phuu is Tom Ashworth

Grid, Set and Match

03 Jul 2012

This new redesign of my site is here, and I’m happy with it. You might be interested to know a bit about what’s underneath…

The layout’s built on Gridset, a new tool made by the talented chaps and chapettes at Mark Boulton Design, designed to make putting together compound grids so easy a napping baby could do it, and Gridset makes it so with aplomb. I’ve always been a stickler for good vertical alignment and acheiveing the look of a grid even if I don’t always use one, so it just made sense to try out Gridset. It’s still in beta and I’ll probably end up paying for it, but I’ll be happy to.

Goals and contraints

I started by writing out a short list of goals and constraints. They included insighful things like “reabable, good looking, …, not be blue”. Clearly, blue was to be avoided. Looking at them now I think I achieved everything on that list, except perhaps distinctive – although that’s probably the most subjective of the list.


I then sketched out a few ideas and moved, perhaps unusually, to playing around with the navigation in Remy Sharp’s fabulous JS Bin. The sketches show a dark square with a border underneath, but I just couldn’t get this to look right, so I tried a sort of speech bubble, and suddenly it made sense. This, for me, is the stage of designing in the browser where those happy accidents occur. The instant feedback from live updates makes rapid iteration very easy and alot of fun.

Goals and contraints

I then sketched out a rough layout so I could figure out where the key grid columns should go. You can see from this sketch that I was thinking of having a work showcase down the right hand side, but in the end I opted for a mini-bio. The sketch is very rough – as mentioned, I like to work mostly in browser.

From there I just jumped straight in the browser. The site’s built using on Jekyll, so I have that running in auto mode on my command line. It automatically regenerates the site every time any files change, and is also a little web server so I can (almost) instantly refresh the browser to see how things are looking. I also use LESS (and CoffeeScript), compiled by Codekit, to make CSS development a more pain free process.

With LESS I try to move all references to color from the rules to a group of variables at the top of the document. This makes changing things down the line significantly easier, although I must admit that on this design I was a little lax on that rule.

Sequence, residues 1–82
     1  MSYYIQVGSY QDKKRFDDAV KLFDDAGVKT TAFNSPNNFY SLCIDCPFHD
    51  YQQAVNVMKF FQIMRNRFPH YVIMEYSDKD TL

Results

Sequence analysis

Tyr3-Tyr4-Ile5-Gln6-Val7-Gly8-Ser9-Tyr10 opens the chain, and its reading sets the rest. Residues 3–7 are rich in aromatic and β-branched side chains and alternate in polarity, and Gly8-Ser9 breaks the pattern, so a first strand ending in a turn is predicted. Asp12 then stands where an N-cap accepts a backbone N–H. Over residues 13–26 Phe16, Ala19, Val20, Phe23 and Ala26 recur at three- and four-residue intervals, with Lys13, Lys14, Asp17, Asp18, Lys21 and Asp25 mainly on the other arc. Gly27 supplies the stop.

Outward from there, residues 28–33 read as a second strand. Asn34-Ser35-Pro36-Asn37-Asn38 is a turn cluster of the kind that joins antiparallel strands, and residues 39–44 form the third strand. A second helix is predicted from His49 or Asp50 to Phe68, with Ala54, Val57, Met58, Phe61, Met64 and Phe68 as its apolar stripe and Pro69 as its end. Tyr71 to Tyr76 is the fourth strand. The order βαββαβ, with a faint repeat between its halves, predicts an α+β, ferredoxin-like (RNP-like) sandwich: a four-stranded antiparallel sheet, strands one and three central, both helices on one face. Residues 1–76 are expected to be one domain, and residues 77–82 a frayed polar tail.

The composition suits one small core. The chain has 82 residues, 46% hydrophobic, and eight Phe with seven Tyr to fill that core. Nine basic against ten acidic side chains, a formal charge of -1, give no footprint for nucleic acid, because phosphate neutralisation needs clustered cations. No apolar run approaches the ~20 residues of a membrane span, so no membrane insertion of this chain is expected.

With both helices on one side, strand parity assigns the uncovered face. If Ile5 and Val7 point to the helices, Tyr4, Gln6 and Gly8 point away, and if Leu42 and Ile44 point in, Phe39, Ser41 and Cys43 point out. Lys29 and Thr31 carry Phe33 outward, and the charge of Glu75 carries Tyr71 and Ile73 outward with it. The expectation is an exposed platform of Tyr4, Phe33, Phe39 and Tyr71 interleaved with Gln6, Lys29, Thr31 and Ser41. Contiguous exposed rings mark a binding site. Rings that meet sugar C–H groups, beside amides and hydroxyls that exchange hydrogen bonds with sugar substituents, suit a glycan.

The Grid

As I was building the pages I was modifying Gridset until I got the set of layouts I wanted. For desktop-sized browsers I’m using a compound grid where two ‘Golden’ grids (4 & 5 column) are combined to give a complex set of possible layouts, with a common gutter at around three-quarters of the full width, from the left. See the grid in action.

The grid builder is very easy to use and intuitive, although it would be nice to be able to set the gutter size in ems, as well as pixels and %. The predefined classes, like *-pad and *-padinfull, never seemed to work quite right for me; perhaps a symptom of doing something wrong.

Honestly, my first attempt at using a compound grid was not an enormous sucess as the grid I came up with is slighly awkward to work with. And with a vertical grid layout you have to think, and markup, somewhat vertically, meaning it’s difficult to break out of the grid horizontally, especialy in a CMS-like environment. Perhaps this is limitation of Gridset, or perhaps it’s something I’m doing.

All that said, Gridset was a pleasure to work with and theres’s so much I haven’t mentioned about the site and my experience with Gridset. The ease with which an adaptive layout can be thrown together is brilliant, as is the documentation that’s generated for your grid. Great work Mark Boulton & co; I’d highly reccommend trying out Gridset for yourself.

I hope you enjoyed a little insight into how this site was designed & built, and if you learned anything then that’s a bonus. It’s nothing special, but I find that reflective posts like this are good for me to figure out my process and what I could be doing better.